UK firms lose more than £1bn to cybercrime over past year

Staff training cited as a critical solution, as figures reveal spikes in all major types of business fraud

As corporate treasurers become increasingly aware of their responsibilities in the fight against fraud , new research has shown that UK companies lost more than £1bn to cyberattacks and other electronic scams over the past year.

Published on 13 June by national cybercrime reporting centre Action Fraud and non-profit advisory group Get Safe Online, the findings show that some, key types of fraud are on the rise.

Mandate fraud – when a fraudster convinces a victim to alter a direct debit or standing order by pretending to be a regular recipient of that victim’s payments – has grown by 66% on the previous year, with more than 2,323 cases reported: up from 1,403 in 2014.

CEO fraud – when an employee is duped into making a payment by an email falsely presented as a senior manager’s instruction – is described in the research as ‘spiralling’, while a dramatic surge has also occurred in digital extortion: the practice of using so-called ‘ransomware’ to disable or block important files on a firm’s computer network until a release fee is paid.

Another rising problem is corporate employee fraud, whereby current or ex-staffers with privileged knowledge of financial access details obtain property or compensation through means such as the misuse of corporate cards or expense accounts. Some 1,440 cases of that type were recorded from the middle of last year to the present.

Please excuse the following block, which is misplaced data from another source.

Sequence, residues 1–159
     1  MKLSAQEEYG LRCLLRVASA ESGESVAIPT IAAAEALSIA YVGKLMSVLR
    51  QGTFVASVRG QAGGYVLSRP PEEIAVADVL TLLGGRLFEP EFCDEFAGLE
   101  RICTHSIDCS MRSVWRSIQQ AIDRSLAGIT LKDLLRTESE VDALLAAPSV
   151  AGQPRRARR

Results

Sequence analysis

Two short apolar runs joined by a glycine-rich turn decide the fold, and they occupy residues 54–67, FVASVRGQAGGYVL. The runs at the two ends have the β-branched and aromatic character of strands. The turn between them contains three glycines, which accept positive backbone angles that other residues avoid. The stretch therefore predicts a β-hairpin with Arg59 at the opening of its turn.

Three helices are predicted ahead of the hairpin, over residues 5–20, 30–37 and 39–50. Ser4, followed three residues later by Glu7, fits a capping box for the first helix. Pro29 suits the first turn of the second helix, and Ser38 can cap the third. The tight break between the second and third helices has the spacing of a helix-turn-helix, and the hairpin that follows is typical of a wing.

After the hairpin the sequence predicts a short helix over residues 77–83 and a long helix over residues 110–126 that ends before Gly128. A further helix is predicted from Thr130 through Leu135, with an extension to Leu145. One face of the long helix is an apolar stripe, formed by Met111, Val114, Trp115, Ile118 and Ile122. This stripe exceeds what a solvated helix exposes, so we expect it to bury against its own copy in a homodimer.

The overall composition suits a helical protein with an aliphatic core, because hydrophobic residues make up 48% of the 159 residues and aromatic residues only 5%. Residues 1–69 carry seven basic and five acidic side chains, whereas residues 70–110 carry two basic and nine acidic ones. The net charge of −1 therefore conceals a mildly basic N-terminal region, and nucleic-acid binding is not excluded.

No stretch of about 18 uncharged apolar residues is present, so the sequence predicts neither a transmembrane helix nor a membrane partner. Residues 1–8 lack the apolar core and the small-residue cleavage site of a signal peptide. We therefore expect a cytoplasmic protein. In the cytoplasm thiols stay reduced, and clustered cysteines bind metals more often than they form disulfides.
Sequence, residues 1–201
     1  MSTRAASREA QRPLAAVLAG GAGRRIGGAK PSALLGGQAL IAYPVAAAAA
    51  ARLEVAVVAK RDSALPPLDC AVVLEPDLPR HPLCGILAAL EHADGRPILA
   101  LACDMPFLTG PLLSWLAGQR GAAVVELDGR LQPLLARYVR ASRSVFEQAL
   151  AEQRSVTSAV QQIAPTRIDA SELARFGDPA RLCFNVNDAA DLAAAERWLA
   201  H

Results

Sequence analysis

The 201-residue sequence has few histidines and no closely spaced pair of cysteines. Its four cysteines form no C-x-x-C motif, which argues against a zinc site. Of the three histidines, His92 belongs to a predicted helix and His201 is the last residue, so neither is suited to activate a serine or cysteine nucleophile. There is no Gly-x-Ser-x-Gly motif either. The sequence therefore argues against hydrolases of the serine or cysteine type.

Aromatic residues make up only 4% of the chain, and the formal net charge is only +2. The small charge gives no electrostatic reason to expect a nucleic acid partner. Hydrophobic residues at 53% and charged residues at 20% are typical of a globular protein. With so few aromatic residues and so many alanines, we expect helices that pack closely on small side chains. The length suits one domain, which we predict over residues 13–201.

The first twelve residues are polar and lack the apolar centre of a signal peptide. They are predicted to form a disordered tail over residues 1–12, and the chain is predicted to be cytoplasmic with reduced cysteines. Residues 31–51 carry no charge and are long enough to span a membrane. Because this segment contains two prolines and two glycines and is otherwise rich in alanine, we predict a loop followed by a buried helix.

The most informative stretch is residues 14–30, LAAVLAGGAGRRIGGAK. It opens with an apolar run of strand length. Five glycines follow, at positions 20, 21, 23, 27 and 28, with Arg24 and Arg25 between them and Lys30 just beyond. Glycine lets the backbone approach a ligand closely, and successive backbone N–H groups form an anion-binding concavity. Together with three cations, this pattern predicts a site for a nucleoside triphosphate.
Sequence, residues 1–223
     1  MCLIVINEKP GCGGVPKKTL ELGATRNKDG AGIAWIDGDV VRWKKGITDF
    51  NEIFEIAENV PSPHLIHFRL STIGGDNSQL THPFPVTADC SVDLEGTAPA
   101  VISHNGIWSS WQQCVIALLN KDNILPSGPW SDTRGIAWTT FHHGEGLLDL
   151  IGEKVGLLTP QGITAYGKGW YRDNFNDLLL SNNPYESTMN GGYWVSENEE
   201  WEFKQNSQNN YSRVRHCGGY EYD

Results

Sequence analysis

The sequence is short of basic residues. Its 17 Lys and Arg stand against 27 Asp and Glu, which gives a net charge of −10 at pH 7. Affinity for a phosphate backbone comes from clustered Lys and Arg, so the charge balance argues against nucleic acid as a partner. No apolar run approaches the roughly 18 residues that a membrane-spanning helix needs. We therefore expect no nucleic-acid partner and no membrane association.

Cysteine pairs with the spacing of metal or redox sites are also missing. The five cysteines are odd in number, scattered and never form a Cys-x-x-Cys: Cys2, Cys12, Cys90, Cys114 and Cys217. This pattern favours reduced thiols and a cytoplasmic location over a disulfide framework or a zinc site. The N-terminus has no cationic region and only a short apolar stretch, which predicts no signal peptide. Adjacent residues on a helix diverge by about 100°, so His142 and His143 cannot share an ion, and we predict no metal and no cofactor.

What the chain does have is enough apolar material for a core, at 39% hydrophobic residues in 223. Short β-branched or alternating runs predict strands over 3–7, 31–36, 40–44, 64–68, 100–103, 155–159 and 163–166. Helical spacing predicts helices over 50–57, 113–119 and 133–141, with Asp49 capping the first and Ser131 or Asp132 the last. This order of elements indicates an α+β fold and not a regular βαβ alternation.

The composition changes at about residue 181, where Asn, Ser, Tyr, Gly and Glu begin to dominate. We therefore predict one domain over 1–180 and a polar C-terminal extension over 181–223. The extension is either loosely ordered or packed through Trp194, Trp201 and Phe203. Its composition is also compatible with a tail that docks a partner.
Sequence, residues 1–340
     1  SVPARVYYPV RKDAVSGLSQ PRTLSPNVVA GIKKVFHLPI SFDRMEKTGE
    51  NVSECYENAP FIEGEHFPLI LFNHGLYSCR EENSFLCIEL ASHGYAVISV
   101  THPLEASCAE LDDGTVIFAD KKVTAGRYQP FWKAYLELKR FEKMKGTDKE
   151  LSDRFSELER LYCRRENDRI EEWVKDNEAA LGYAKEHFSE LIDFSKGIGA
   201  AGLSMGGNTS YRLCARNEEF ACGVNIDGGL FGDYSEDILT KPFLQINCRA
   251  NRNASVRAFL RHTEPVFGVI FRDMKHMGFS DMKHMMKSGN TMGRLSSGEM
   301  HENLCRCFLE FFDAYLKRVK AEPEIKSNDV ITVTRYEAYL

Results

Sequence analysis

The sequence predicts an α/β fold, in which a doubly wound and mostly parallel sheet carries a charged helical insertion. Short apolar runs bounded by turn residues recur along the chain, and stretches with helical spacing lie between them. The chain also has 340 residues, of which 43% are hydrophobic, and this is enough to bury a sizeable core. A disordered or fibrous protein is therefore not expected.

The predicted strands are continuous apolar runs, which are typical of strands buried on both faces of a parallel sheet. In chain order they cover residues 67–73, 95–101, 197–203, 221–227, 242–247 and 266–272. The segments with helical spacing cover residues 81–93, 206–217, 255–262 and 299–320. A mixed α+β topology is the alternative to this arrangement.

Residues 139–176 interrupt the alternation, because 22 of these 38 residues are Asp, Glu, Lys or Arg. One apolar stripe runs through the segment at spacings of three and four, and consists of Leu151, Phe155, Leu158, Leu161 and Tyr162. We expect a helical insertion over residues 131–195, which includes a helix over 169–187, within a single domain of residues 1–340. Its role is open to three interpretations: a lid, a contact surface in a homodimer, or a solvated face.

Spikes also occurred for retail-based and insurance-related fraud.

On average, corporate financial losses to cybercrime in the past 12 months reached £19,626,323 per regional police force.

Get Safe Online CEO Tony Neate said: “These latest figures show the enormous – and quite frankly daunting – impact that online crime can have on a business, its reputation, its employees and even its continued operation.

“To tackle this issue head on, businesses need to review their own skills and knowledge, determine if they need outside help, and then create measures to prevent, detect and respond to potential security threats.”

Neate added: “It’s all about education – and staff must be aware of this plan and trained where necessary. With new data regulations in place, we’ll see more and more businesses start to report online crime and realise that the right staff training can go a long way to helping prevent this growing problem.”

City of London Police commander Chris Greany – who doubles as the UK’s police national coordinator for economic crime – said: “Businesses are a major target for fraudsters, and these figures illustrate the significant rise in Action Fraud reports.

“The true figure will be much higher, and businesses need to take steps as many of these crimes could be prevented.”

Find government advice on cybersecurity training for businesses here.

Visit the business section of Get Safe Online’s website.

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